In Venice, there’s another lurid touch. Faced with masterpieces by Titian and Veronese, Roderick briefly feels inadequate. Then he and Rowland hire a gondola.
Roderick lay back for a couple of hours watching a brown-breasted gondolier making superb muscular movements, in high relief, against the sky of the Adriatic, and at the end jerked himself up with a violence that nearly swamped the gondola, and declared that the only thing worth living for was to make a colossal bronze and set it aloft in the light of the public square.
The reader fans himself with alarm over such passage, but nothing really comes of them. James seems to have toyed with the notion that something in Roderick’s artistic sensibility might have responded to Rowland’s generosity, but he went no further than toying. That’s fine; there’s no real distortion here. Someone like Roderick probably wouldn’t have responded to someone like Rowland, in the way he might have responded to a gondolier. The trouble is with Mary Garland, and with the conceit, which James sticks to grimly until the end, of Rowland’s love for her. I ended up more or less convinced that James had effected a variation on the Albertine strategy with her. (Spoiler alert: Stop reading now if you don’t want to know how the novel ends.) In other words, I felt that James more or less consciously intended for Rowland’s supposed love for Mary to stand in for something he felt he couldn’t represent, namely, Rowland’s actual love for Roderick.
The conviction seems hard to avoid while reading Roderick and Rowland’s final confrontation. In it, Rowland offers Roderick money, which Roderick resists taking, out of what he calls “brute instinct.” He lashes out at the older man’s generosity, making a strange accusation: “Decidedly there are certain things you know nothing about.” Rowland: “These things—what are they?” Roderick: “They are women, principally, and what relates to women. Women for you, by what I can make out, mean nothing. You have no imagination—no sensibility, nothing to be touched!”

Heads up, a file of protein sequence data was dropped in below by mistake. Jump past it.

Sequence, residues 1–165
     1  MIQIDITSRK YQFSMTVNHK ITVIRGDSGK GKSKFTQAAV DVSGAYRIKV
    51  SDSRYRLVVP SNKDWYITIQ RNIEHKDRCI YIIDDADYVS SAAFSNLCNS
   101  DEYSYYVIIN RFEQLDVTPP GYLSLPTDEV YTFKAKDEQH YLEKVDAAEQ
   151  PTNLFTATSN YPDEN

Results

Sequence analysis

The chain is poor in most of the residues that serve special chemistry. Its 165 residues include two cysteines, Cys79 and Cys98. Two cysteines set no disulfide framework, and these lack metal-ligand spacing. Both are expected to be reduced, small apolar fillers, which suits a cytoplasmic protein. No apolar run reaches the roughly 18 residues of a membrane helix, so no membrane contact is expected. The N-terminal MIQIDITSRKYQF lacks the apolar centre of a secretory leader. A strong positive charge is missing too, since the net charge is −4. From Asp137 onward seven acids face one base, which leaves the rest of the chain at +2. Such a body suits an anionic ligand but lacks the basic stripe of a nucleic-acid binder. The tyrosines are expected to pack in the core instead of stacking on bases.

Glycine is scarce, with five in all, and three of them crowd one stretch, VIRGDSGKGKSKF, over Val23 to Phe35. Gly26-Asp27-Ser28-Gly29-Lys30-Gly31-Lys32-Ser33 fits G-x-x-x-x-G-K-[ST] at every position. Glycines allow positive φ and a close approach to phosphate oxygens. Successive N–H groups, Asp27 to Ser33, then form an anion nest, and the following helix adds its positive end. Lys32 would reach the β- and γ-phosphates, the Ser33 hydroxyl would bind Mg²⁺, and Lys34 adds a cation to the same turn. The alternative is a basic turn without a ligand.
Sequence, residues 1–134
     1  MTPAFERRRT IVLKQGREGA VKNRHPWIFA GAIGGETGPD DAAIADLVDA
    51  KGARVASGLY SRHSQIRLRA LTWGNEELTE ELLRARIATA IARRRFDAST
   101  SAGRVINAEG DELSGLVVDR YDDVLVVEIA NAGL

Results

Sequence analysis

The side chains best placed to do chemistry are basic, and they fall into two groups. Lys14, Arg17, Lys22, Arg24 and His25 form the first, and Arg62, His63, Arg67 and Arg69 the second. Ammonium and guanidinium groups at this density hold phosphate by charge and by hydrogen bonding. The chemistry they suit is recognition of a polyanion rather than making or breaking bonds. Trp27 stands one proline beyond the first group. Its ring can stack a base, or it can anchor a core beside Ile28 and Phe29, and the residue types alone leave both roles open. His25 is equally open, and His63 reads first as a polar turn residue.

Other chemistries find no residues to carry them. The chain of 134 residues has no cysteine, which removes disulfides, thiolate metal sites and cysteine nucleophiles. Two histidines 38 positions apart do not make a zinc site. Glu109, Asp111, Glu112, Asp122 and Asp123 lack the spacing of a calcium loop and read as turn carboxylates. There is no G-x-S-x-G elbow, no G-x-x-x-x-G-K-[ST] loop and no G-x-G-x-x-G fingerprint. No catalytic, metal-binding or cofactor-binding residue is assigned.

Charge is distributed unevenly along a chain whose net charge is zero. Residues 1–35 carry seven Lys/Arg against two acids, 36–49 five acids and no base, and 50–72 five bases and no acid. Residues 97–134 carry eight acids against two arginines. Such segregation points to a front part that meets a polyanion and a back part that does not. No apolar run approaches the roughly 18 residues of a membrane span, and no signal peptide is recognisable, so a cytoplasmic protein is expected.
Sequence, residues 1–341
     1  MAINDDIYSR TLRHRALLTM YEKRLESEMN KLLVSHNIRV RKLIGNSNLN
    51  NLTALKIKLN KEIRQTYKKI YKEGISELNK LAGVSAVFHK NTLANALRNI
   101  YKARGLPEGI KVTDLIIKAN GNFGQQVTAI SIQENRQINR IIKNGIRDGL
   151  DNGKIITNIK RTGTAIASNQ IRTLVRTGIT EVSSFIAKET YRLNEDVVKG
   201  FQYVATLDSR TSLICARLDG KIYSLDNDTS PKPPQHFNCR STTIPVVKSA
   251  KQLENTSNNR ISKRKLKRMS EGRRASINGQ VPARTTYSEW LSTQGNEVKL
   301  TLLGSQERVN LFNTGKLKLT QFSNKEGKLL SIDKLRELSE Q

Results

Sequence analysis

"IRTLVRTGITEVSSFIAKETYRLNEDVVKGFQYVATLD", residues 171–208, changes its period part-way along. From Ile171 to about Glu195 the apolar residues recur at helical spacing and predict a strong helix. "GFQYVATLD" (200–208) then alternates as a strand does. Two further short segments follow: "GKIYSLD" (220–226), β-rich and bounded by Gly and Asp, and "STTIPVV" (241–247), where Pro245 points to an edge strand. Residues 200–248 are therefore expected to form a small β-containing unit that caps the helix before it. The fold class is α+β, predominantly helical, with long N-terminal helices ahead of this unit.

To the anachronistic gay reader, this seems promising. “You are incredibly ungrateful,” Rowland answers. “How do you know whether I have loved or suffered?” he continues, and then goes on to call Roderick an egotist. “You are selfish. . . . You regard other people only as they play into your own hands.” The anachronistic gay reader marvels: Is James headed for the éclaircissement that I think he’s headed for—that of an older gay man about to lose patience with a younger straight one who has taken his favors without returning his affections, and is the older gay man about to discover, to his chagrin, that love doesn’t go by tit-for-tat rules?
The two men continue their accusations and confessions. Roderick reaches the point of realizing that Rowland has been suffering at his hands. “I must have been hideous,” Roderick half-apologizes. “It has been a terrible mistake, then? . . . And all this time, you have been in love? Tell me the woman.”
Rowland felt an immense desire to give him a visible palpable pang. “His name is Roderick Hudson.”
Not, of course, though a rewrite is temptingly easy (“The surprise was great; Roderick coloured as he had never done. ‘Heaven forgive us!’ Rowland observed the ‘us’…”). In James’s novel, Rowland outs himself as a man in love with Roderick’s fiancée. Oh well. The revelation sends Roderick careening to his death, as such revelations generally do in melodrama, and the death doesn’t bring Rowland and Mary together, as such deaths generally don’t in crypto-gay fictions. But wouldn’t it be pretty to think so?